Steve Miller: Fly Like an Eagle - 30th Anniversary Reissue (Capitol)

flylikeaneagleElectric guitar guru and family friend Les Paul ignited the creative fires in the five-year-old Steve Miller, introducing the youngster to his first chords. Jazz heavies including Charles Mingus and Tal Farlow also passed through the Miller household in Steve’s youth, guests of young Steve’s music savvy parents. The rest is pop music history. The veteran guitarist/singer/songwriter will be the recipient of the Les Paul Award this October in San Francisco at the 22nd annual Technical Excellence and Creativity Awards.

Miller’s songbook has proven remarkably resilient and lucrative, resurfacing once again in this summer’s refreshed 30th anniversary “special limited edition” Eagle package. Read more »

Trying to Crack the Code: The Enigma of Dmitri Shostakovich's Symphony No. 15, Op. 141

shostakovich15Shostakovich began his Symphony No. 15 while convalescing in a hospital. The first performance was by the USSR Radio Symphony conducted by Maxim Shostakovich on January 8, 1972. It's one of the stranger works in the composer's canon, and surprised early listeners with its repeated quotes of the famous theme from Rossini's William Tell and the "Fate" motif and "Siegfried's Funeral March" from Wagner's Ring cycle, as well as references to many of Shostakovich's previous symphonies. These deliberately blatant borrowings have never been definitively explained, but to some extent the composer knew this would be a valedictory work, so some form of autobiography has been assumed by later commentators and analysts, who regularly call it "puzzling" and "enigmatic." Read more »

Anatomy of the Comeback Kid

john_howard2Strange links result in strange confections.

As a fifteen year old, I remember seeing John Howard's Kid in a Big World in the racks of a local record shop in Northern Ireland. It must have a made a strong impression, because that rather pointless memory from 1975 remains embedded in my grey cells. The sleeve confused me. In those last-gasp days of glam and prog pretentiousness, I couldn't fathom why John Howard wanted to resemble a suburban bank clerk gazing out of a window in a derelict house. Read more »

ANNIVERSARIES: Blue Oyster Cult's "(Don't Fear) the Reaper" Enters Top 40 Singles Chart 30 Years Ago

agents.jpgBlue Oyster Cult was strictly an album-rock fave before lead guitarist Donald "Buck Dharma" Roeser's song "(Don't Fear) the Reaper" surprisingly entered Billboard's Top 40 Singles chart the week of September 4, 1976. It peaked at No. 12 on Billboard's singles chart in October 1976, the band's only Top 20 single. The song returned to the spotlight in 2000 thanks to a Christopher Walken-starring Saturday Night Live comedy sketch that spawned "more cowbell" as a catchphrase.

Another twist on Agents of Fortune, which went platinum after its July 1976 release, is the presence of punk icon Patti Smith, who wrote the lyrics for "The Revenge of Vera Gemini" (to which she also contributed vocals) and "Debbie Denise." Read more »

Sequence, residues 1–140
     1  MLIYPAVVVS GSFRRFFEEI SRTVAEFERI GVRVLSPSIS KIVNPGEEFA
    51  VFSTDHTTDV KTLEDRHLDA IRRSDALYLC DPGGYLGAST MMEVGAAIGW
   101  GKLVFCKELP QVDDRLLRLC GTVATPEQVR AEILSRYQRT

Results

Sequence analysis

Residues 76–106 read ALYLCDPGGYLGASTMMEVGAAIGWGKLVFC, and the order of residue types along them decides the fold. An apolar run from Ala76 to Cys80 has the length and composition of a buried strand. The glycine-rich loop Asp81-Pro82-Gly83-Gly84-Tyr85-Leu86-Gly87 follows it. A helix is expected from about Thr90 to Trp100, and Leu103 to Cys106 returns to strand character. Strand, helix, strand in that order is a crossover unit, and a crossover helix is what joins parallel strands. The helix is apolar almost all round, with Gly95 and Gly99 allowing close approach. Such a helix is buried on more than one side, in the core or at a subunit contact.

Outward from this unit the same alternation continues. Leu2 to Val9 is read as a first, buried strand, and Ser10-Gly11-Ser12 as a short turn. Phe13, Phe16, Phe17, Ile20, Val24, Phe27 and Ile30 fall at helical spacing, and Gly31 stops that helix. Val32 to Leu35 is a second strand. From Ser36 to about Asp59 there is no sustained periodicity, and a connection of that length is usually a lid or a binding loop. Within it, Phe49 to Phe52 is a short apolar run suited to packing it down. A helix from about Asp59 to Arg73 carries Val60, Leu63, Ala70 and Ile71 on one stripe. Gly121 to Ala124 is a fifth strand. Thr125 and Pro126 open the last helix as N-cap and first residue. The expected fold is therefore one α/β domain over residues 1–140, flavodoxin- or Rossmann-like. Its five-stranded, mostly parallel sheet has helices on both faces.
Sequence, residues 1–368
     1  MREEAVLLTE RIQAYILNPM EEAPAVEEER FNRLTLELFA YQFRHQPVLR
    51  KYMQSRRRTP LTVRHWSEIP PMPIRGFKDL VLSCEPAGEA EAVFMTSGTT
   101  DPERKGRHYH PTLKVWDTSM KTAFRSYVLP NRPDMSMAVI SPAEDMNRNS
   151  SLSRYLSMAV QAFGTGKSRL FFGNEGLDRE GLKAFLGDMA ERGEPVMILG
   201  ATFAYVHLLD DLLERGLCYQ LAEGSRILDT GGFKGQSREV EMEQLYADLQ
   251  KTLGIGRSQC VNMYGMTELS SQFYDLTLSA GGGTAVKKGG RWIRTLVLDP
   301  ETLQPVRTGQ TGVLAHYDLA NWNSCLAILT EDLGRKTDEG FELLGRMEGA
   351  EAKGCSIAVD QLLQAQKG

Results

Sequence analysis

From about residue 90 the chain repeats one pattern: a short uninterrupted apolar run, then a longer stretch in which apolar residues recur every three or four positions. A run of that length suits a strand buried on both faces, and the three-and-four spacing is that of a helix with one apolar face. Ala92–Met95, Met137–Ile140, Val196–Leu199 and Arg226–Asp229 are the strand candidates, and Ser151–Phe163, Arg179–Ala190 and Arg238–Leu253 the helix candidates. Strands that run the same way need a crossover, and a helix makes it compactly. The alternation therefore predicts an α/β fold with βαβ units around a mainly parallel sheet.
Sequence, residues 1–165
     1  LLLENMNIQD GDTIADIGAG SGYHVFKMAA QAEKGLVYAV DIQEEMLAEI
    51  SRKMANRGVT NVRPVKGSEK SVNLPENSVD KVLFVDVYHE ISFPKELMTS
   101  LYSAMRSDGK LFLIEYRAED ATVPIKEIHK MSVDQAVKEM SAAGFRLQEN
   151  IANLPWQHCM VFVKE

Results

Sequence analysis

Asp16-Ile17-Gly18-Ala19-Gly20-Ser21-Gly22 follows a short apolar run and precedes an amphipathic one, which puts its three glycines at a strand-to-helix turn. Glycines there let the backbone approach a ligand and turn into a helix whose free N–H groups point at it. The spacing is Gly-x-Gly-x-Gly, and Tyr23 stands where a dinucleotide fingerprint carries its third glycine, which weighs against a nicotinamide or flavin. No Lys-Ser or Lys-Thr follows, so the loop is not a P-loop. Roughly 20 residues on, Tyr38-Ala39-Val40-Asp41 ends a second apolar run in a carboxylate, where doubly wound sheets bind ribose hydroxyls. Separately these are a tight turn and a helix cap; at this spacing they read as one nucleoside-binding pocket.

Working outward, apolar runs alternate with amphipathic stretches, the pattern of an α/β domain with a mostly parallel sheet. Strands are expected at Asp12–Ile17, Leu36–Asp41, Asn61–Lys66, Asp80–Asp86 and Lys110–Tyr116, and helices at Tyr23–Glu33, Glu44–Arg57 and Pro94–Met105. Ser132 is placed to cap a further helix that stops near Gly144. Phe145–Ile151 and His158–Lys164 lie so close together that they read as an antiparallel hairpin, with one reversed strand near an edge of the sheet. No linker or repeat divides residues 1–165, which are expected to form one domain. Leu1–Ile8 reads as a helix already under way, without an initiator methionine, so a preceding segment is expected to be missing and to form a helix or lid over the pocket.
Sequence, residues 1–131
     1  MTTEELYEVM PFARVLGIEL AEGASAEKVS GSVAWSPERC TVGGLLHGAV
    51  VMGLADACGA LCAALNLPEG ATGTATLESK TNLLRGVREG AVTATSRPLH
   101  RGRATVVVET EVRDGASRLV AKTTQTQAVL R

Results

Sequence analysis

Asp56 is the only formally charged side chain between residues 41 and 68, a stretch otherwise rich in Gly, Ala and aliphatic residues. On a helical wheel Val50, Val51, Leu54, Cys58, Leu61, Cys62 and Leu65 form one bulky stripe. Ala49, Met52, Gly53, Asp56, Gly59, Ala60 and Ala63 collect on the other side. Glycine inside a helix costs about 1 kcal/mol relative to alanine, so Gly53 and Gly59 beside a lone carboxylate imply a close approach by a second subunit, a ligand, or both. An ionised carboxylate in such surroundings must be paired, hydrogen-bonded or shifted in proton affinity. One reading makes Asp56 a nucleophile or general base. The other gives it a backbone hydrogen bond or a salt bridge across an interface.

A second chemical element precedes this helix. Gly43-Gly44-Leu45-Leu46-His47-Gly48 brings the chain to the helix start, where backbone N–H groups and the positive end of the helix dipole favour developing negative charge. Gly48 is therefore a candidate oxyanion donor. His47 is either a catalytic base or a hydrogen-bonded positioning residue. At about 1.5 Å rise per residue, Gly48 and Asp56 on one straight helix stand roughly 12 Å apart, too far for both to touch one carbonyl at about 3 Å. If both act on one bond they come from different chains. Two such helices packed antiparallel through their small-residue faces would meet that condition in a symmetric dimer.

Steven Bernstein's Millennial Territory Orchestra - MTO Volume 1 (Sunnyside)

bernsteinTerritory orchestras were the small, regional jazz bands of the Midwest and Southwest in the 1920s, '30s, and '40s -- the scene that gave us Count Basie and many other greats. When trumpeter/slide trumpeter Bernstein (music director of John Lurie's Lounge Lizards, co-leader of slide trumpet/electric guitar/tuba trio Spanish Fly, and genre-spanning/changing quartet Sex Mob) was musical advisor on Robert Altman's Kansas City, set in the world of the 1930s big bands, he immersed himself in the music of that time and place. Four years later he formed the Millennial Territory Orchestra, which mixed and matched that style/material and free jazz in anything-can-happen, off-the-cuff shows at Lower East Side club Tonic. Read more »

ANNIVERSARIES: Twenty years ago, Janet Jackson's first #1 single entered the Top 40

control For those who may have forgotten, Janet Jackson is more than a breast exposer. (Not that I'm complaining about that aspect -- I wish her Vibe pictorial had been more daring, seeing as we've all seen more exposed at the Super Bowl.) But where lately it's seemed that few female R&B singers can string together careers of more than an album or two, Janet's been going strong for longer than some of them have been alive. Actually, in a way it's exactly two decades: It was in Billboard's August 23, 1986 issue that her first #1 single, "When I Think of You," entered the Top 40 singles chart. "When I Think of You" comes from Control, which is where Janet's icon hood began. Read more »

Jeremy Spencer: Precious Little (Blind Pig)

jeremy_spencerThis satisfyingly crafted surprise from an “exiled” Fleetwood Mac founding member could be hauntingly nostalgic for fans of the original British blues band from almost 40 years ago. As one of the “cursed” early guitarists of Mac, Spencer emerges as not only musically intact, but richly evolved as well. No small feat for a guy who walked away from it all 37 years ago, literally disappearing (into a religious cult he remains a member of) hours before a Stateside gig, in the midst of the band’s first incarnation and ascendence to popularity. They were a swaggering, slide-guitar-driven, uncannily Chicago-sounding blues band fronted by a very young foursome of English lads. Read more »